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The ConnectED initiative will provide high-speed broadband and stable Wi-Fi networks, which will be no less than 100Mbps with a target of 1Gbps

The White House is looking to expand and strengthen broadband in K-12 schools across the U.S. in hopes of bringing a greater learning environment to 99 percent of American students. 

The White House announced the ConnectED initiative today, which aims to upgrade connectivity, train teachers and offer new hardware/software for digital learning. 

The ConnectED initiative will provide high-speed broadband and stable Wi-Fi networks, which will be no less than 100Mbps with a target of 1Gbps. 

To make this happen, the White House said it will call on the Federal Communications Commission (FCC) to update the E-Rate program, which gives 20 to 90 percent discounts to institutions that meet certain standards. In a 2012 FCC report, it was found that 80 percent of E-Rate recipients didn't receive the broadband they needed, with 78 percent saying they required more bandwidth.

The White House will also used ConnectED to bring broadband to rural communities. 

Aside from upgraded connectivity, teachers will be trained in technology so that students are benefitting from the tools provided. Teachers will also receive new digital education tools that will allow for interactive demonstrations, collaboration with other educators, immediate feedback to students and more. 

Teachers and students can't access the Internet without proper hardware, so ConnectED will also build on private sector innovation by providing Internet-connected, educational devices to students and teachers. It will also invest in educational software, including apps. 

"For the better part of the 20th century the United States led the world in educational achievement and attainment," said the White House. "Through the federal E-Rate program, we pioneered connecting schools to the internet. But the United States is now falling behind, squandering that early lead. Many of our leading competitors are moving forward with aggressive investments in digital learning and technology education. In South Korea, all schools are connected to the internet with high-speed connections, all teachers are trained in digital learning, and printed textbooks will be phased out by 2016. The durability of American competitiveness will be tied to our ability to produce graduates with the skills the economy demands."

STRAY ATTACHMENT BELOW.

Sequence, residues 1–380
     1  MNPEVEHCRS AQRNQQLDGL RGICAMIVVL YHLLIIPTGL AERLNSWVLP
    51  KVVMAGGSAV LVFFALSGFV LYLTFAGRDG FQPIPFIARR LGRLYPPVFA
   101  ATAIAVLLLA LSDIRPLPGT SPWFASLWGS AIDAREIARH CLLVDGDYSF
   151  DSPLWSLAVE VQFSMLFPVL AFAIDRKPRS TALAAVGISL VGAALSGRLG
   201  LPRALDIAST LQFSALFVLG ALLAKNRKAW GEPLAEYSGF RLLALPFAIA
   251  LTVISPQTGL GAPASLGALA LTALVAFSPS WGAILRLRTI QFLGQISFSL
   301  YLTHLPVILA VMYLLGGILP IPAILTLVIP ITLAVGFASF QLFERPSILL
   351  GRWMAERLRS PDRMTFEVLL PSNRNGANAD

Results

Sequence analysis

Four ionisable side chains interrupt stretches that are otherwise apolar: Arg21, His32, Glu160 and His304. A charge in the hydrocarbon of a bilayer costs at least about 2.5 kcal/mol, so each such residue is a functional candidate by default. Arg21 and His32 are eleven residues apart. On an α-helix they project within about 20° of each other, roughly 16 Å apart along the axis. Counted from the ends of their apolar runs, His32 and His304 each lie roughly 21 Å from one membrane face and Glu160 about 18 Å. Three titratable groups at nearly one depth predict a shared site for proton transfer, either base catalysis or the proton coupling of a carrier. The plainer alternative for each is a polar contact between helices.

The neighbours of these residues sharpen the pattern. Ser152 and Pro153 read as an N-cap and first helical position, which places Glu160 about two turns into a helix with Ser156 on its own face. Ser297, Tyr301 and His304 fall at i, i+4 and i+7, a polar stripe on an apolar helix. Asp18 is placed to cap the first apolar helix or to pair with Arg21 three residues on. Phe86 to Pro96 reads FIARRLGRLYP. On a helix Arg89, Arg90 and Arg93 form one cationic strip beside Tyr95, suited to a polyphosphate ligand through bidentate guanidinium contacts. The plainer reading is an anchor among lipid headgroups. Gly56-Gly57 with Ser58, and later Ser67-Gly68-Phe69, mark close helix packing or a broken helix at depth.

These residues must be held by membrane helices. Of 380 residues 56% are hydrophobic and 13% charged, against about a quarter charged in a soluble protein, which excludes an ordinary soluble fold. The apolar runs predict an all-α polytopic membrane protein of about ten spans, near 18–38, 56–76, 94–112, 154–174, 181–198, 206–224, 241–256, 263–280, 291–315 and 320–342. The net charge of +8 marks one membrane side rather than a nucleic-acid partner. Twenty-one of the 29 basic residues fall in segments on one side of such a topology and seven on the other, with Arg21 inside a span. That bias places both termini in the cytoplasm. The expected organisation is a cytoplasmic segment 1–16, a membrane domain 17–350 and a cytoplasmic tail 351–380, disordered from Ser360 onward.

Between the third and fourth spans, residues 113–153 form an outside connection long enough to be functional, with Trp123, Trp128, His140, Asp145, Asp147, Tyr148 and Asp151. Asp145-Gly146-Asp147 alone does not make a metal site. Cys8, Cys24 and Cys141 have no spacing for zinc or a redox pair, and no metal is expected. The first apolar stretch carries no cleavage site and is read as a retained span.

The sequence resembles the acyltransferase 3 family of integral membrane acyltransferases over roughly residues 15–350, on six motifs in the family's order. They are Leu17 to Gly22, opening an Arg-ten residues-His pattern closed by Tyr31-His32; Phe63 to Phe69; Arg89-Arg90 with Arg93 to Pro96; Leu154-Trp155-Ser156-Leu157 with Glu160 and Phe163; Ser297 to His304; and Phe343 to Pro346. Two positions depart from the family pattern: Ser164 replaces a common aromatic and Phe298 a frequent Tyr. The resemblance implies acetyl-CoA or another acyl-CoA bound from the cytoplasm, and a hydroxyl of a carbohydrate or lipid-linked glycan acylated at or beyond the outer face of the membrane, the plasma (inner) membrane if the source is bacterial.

Source: The White House

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By CaedenV on 6/7/2013 2:44:01 PM , Rating: 2
I work with a small private school, and they have got everything from smartboards to iPads. Being a private school they are simply able to charge enough to have some really nice things, and (other than the iPads) they are typically very smart with making tech purchases that make sense for the long run and will not cost a fortune to keep maintained and updated.
However, you can give a teacher all of the latest and greatest tools in the world, but if the teacher does not know how to use them then they are useless. The way we have it set up they can use their iPads to control the computer/projector, or they can display content from their iPad to the projector setup. It is nice because they can use the PC for big programs and flash content, but still display their iPad content for educational programs that are specifically on the iPad, and they can do it all from the iPad without having to move between machines.
The problem is that the teachers don't know what they are doing! Most of them think that their computer is broken because they cannot display flash content they are hosting from their iPad, or they wonder why they cannot connect to the network files via their iPad. AND THIS IS NOT A GENERATIONAL THING! I have several older teachers who work perfectly fine with the 'new fangled technology' and it is in fact a bigger issue with the younger teachers who cannot seem to get this figured out even though they have grown up with it.

Schools need to focus less on how to read and write, and a lot more on how to use technology appropriately and effectively (beyond a typing class!). A college degree just gets you an interview after college, after that it really isn't all that important (especially now that so many stupid people have them). Knowing how to use the tools available to you is what gets you a job, and constantly learning the new tools as they become available is what helps you keep it.

“And I don't know why [Apple is] acting like it’s superior. I don't even get it. What are they trying to say?” -- Bill Gates on the Mac ads

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